As winner of the Eastern Approaches annual open exhibition 2014, Arabel, who is based in Bedford, was invited to develop a solo exhibition. She combines a series of new sculptural works, drawings, archival images and text to create an ambitious installation that disrupts the gallery space dramatically.
From an external perspective, St Albans is an affluent city where people aspire to live and own property. The city's appeal is connected to its historic core, centring on the international significance of the cathedral. At a point where the Museum of St Albans itself is moving to a new home in the converted Town Hall, Arabel invites us to celebrate and question the city's qualities and values. Taking museum archival material as her inspiration, the artist focuses on the post-war housing developments in St Albans. Estates such as Marshalswick and Jersey Farm demonstrate aspiration for lone ownership and new beginnings.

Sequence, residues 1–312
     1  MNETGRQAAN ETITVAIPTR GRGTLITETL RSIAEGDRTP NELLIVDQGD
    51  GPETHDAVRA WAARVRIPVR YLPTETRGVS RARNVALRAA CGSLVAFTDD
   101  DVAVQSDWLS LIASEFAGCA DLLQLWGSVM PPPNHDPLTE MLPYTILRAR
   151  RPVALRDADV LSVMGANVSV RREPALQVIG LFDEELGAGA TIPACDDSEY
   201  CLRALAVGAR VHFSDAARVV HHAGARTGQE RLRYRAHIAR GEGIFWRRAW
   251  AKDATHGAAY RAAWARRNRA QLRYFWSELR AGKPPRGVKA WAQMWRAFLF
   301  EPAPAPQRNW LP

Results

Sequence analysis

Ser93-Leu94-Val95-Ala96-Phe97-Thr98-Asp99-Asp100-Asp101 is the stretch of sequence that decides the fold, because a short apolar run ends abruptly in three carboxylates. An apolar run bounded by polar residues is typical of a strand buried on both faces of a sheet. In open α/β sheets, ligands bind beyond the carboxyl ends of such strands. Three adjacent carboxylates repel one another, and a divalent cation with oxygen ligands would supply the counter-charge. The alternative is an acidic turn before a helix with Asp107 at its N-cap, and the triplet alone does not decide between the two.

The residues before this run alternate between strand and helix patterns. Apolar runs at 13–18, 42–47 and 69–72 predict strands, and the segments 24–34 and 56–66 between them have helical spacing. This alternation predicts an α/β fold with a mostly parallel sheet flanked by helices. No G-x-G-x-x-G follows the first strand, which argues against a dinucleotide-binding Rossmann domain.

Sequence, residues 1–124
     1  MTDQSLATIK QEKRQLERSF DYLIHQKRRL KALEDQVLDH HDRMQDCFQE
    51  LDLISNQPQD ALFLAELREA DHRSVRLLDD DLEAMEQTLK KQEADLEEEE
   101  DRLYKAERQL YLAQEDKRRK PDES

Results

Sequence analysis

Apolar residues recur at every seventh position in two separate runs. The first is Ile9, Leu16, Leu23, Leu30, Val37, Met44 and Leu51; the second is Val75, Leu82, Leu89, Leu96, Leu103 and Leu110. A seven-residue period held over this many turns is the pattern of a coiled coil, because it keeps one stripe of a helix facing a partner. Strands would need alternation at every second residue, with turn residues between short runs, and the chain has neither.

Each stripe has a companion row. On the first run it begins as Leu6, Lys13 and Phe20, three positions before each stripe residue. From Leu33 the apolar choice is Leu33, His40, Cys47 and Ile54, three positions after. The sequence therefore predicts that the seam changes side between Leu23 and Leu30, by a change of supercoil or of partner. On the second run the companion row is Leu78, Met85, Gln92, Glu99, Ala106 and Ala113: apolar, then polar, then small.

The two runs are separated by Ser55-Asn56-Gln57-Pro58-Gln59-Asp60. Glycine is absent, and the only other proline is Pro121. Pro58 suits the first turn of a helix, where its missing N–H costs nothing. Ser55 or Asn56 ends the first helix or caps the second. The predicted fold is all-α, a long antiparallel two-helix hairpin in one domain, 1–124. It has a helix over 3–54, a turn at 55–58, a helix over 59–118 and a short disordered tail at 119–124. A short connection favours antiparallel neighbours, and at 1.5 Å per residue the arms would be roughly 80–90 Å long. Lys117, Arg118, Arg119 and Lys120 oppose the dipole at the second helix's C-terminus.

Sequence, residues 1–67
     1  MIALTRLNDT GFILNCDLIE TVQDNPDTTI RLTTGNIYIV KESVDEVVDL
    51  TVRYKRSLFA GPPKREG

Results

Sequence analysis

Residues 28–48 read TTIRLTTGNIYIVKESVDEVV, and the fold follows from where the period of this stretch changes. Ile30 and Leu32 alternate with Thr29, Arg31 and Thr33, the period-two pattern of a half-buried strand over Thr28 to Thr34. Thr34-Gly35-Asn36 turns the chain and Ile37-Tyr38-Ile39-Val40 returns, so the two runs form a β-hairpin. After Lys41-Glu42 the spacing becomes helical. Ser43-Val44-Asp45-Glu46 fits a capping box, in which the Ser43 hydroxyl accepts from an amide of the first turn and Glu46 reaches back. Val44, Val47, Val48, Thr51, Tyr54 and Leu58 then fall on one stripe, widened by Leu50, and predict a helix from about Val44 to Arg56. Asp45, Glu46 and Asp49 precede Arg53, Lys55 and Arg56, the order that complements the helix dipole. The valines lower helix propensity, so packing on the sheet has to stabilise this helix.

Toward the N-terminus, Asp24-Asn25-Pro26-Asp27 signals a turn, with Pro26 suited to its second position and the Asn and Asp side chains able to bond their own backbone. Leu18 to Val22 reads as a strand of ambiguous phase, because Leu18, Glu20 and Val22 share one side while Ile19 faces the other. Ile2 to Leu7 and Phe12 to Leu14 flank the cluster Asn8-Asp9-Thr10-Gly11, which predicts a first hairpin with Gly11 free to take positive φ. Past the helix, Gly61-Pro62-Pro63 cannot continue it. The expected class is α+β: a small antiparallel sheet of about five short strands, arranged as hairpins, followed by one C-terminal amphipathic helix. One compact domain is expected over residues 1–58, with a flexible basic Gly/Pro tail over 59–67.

In Freehold, Arabel constructs a series of interlocking spaces within the gallery to house a series of artworks exploring the images and ideologies of the 'property ladder' town planning and infrastructure. These include drawings in human hair, a floor of carved soap tiles cast from original cathedral tiles, life-size photographs and furniture sculptures. Arabel's artistic practice consists of handmade sculptures and installations that function both as beautiful artefacts and as social commentary. She is interested in creating visual metaphors which encourage visitors to connect otherwise unrelated objects, ideas,
histories or contexts.
Arabel won Eastern Approaches with a delicate yet disturbing sculpture created from dolls-house furniture. The themes of decoration, domesticity and chaos suggested by this piece will continue and develop through the new installation Freehold.